Kayeen was exhausted. He took off his shoes and literally fell backward onto his bunk. For three days he had pushed himself to the brink in a foolish attempt to show off. Because of the constant wind he was able to create, they had skipped over some of the smaller ports to arrive at the first major stop on their journey. Yashin had let them stay there only a day and that had not been nearly enough time for Kayeen to recuperate. He had just finished off a much milder four-hour shift pulling wind and already he was at his breaking point. This can’t continue. That was his last thought as Kayeen drifted off to sleep while still halfway through unbuckling his sword belt.
Suddenly, Kayeen woke with a start. Not fully alert, he sat up with a jolt and his right hand reached across for his sword. Where he expected to grasp the hilt, he only found air. Kayeen looked down in surprise and this motion caused the knife to miss. A thrust that should have killed him only ended up cutting a slash just over his right eye. The blood started flowing down, stinging and blinding him, and someone’s meaty hand covered his mouth while pushing him back to his bunk. Kayeen used both hands and all of his strength to try and pull that hand away but he was so exhausted that did not have the strength to even move the hand enough to breathe. His body was too weak from the taxing he had been putting it through and his mind was too panicked to be able to focus.
“Stop struggling and you will be able to rest soon,” a raspy voice whispered in his ear. “Ya can’t do much magic when you’re dead, can ya? I says ya can’t do much more anyways but there’s no point in taking any chances, is there?”
Kayeen tried unsuccessfully to bite down on the hand over his mouth. His weakening struggle grew more desperate as his vision started to fade.
The voice leaned in again to taunt him. “What a surprise everyone’ll have in the morning when you’re disappeared along with the entire night watch. Of course by then we will be long gone with your sword and you’ll be, unghh.”
The assailant broke off with a grunt as Kayeen’s knee reached its target. He gave up trying to pull the hands from over his mouth and instead reached out toward his sword. Instantly, it whipped across the room and landed in his grasp. When his hand clasped around it, a surge of power flowed through Kayeen. A blind swing caused the sword’s pommel to smack against his attacker’s head. The hand left his mouth and Kayeen gulped in air.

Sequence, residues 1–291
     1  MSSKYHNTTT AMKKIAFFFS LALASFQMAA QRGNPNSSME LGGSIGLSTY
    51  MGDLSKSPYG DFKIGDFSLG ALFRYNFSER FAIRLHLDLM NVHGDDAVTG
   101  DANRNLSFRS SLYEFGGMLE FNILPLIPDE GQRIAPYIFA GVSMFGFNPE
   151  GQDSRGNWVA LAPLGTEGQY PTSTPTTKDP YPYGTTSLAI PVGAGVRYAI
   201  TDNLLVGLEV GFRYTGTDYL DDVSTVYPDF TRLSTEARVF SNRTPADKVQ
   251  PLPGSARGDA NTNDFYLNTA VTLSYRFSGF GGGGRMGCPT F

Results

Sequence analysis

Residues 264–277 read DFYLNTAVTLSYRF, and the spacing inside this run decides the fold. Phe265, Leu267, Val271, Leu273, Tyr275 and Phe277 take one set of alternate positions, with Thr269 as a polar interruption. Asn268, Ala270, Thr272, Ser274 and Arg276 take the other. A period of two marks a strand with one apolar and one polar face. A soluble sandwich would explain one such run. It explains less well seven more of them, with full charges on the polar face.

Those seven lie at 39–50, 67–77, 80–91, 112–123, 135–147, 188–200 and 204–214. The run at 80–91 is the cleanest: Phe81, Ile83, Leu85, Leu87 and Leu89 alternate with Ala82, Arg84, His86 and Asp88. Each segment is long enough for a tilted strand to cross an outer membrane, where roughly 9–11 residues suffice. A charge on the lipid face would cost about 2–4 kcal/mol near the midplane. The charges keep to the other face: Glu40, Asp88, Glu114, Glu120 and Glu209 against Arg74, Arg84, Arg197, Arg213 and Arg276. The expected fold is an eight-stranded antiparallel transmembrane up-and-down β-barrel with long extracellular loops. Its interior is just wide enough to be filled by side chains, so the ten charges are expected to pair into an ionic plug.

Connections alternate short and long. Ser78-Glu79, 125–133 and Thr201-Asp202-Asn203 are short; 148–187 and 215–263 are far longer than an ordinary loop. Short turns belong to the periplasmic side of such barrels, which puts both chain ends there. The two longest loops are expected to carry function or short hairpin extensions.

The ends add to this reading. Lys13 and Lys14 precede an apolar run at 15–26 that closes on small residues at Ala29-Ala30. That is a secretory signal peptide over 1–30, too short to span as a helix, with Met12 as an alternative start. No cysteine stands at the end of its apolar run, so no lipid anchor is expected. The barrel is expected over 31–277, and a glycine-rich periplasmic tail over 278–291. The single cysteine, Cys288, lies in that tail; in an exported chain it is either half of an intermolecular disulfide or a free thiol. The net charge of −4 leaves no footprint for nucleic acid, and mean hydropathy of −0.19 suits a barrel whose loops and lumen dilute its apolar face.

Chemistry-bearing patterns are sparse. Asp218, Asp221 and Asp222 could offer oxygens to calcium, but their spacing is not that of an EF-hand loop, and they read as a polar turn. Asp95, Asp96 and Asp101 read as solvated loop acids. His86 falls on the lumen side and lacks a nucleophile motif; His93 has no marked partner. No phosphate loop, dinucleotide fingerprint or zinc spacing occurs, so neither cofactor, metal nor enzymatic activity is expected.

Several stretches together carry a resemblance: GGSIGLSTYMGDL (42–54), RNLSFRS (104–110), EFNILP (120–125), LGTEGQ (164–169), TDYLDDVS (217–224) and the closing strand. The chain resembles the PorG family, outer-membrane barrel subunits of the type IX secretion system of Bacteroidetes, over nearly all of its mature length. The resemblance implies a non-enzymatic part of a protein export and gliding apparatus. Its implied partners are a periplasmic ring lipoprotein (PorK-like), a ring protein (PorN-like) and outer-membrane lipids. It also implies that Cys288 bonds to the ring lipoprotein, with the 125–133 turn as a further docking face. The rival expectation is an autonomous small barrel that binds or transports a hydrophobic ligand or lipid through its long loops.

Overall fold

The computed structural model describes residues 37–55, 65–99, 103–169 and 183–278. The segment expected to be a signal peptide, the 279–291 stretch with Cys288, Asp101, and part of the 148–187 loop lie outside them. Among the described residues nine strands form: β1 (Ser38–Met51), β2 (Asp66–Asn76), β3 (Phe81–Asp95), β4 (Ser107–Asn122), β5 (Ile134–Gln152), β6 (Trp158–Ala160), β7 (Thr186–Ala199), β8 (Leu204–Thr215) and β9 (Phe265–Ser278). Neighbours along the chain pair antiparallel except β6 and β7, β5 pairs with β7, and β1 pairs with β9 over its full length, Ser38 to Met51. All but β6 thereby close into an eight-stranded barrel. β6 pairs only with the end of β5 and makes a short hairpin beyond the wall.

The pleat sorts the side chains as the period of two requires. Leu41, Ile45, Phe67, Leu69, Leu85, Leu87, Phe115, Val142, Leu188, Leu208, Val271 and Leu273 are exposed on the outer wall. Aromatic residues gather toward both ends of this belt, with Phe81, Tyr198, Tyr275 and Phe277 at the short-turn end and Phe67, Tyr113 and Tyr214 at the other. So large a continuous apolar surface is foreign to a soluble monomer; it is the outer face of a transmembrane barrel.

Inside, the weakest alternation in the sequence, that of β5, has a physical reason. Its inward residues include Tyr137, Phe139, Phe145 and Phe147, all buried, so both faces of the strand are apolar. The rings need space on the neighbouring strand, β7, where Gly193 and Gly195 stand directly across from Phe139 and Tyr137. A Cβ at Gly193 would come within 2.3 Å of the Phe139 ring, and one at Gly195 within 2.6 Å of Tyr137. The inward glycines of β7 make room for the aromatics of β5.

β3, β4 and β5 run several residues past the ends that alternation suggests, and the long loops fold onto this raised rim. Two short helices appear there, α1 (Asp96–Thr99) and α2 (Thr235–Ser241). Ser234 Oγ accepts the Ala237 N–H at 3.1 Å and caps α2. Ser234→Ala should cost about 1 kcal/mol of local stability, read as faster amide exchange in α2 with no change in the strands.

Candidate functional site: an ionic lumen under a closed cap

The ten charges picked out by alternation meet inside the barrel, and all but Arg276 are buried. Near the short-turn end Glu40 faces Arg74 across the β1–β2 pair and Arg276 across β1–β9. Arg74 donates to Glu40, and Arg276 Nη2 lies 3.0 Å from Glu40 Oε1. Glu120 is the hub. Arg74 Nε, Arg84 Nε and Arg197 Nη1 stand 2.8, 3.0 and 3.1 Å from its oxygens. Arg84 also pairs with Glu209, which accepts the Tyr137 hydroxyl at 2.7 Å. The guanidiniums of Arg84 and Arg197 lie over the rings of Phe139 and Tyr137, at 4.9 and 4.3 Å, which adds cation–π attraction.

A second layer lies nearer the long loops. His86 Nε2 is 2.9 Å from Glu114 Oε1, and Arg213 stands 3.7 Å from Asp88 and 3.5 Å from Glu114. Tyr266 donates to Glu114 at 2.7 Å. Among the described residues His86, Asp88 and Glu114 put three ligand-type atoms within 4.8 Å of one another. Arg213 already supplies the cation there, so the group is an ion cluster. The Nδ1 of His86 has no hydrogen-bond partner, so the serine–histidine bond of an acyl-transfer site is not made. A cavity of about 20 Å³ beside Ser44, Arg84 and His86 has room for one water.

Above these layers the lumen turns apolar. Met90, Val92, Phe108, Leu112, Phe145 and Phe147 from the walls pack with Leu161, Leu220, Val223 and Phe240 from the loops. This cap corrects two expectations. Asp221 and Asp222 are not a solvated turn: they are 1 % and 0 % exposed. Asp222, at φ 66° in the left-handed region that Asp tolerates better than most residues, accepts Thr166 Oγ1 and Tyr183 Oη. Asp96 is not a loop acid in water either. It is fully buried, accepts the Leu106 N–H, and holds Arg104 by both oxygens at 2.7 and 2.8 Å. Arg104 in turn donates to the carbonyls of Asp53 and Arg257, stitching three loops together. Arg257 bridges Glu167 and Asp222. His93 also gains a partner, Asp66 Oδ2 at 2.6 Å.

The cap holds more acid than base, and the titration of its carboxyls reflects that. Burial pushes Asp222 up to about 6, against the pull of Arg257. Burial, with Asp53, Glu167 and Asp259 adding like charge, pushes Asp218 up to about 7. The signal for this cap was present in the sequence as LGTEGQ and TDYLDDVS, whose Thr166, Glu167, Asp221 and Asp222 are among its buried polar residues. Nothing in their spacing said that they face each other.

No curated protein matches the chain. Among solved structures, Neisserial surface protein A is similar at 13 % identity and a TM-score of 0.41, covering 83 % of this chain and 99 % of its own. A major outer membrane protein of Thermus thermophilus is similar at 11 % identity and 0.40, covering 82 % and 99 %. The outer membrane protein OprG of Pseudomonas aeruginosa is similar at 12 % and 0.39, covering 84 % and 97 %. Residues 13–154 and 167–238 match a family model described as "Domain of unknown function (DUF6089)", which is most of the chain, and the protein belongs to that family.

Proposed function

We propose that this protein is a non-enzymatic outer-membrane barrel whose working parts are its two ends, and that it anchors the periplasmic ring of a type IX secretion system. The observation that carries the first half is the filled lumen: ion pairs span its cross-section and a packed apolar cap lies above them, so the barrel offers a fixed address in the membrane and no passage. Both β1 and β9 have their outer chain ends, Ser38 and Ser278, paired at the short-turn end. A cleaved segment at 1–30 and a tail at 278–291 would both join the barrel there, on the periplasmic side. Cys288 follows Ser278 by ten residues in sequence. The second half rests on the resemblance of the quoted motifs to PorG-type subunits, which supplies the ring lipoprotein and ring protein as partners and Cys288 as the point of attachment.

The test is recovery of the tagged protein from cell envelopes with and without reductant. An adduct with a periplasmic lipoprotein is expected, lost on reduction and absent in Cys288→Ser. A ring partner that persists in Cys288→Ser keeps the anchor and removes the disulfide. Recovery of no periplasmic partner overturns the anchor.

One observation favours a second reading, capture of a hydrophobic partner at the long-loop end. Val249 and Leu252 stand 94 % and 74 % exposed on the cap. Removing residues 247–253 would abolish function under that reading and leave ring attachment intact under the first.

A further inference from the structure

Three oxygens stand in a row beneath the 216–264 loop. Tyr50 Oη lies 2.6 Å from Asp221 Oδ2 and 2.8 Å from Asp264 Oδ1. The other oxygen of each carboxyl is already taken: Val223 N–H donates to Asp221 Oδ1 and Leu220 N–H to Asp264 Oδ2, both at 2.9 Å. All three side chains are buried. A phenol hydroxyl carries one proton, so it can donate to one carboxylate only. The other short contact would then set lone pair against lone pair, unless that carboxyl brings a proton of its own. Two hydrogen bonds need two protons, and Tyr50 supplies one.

All of this happened too quickly, the others in the room were still staring in shock as Kayeen brought a hand up and they were all magically held in place. Kayeen kept a steady eye on the other three sailors as he pointed the blade’s edge against the throat of the unconscious man crumpled by his bedside. He spoke to them, “You made a mistake in letting that fool talk too much. he reminded me of what I needed.”
About an hour later, Yashin awoke to a gentle, nervous knocking at his cabin door. It felt as though he had only just gone to sleep and his internal clock told him that it was far too early for anyone to be knocking. His first mate knocked again and when the captain grunted in acknowledgment the man called in, “Uh, sir, I think you might need to see this.”
Muttering something about incompetent fools, Yashin threw on his robe and trudged out onto the deck. It was looking to be another beautiful day. The light of predawn along the eastern sky was just beginning to show. That, combined with a full moon, provided plenty of light. There were a few clouds that seemed to be gathering just over the eastern horizon. The gentle waves were slowly pulling the Blue Spray south to southeast. The air was still cold enough this morning for his breath to form a heavy fog and goose bumps rose up on his arm.
Yashin froze in his tracks. Almost directly in front of him, the captain found three of his crewmen standing in a circle with their backs to the main mast. A rope wound round and round them from their feet up to their knees holding them securely in place. Another similar rope was holding their arms overhead, secure to the mast as well. Each of the three sailors was gagged and all three were staring blankly ahead as if in a drunken stupor.
The mast, with its occupants, was at first blocking his line of sight, so Yashin received an even greater shock when he took another step forward. On the deck, looking straight him was a head. To each side of that corpseless head was a large black boot. Following those boots up, Yashin took in the sight of Kayeen watching him. He was leaning lazily forward in his stool with his elbows resting on his knees. In his right hand, which was almost touching the hair of that head, Kayeen held his unsheathed sword. That beautiful, blood-drenched sword was stretched out with its point resting on the deck to the left.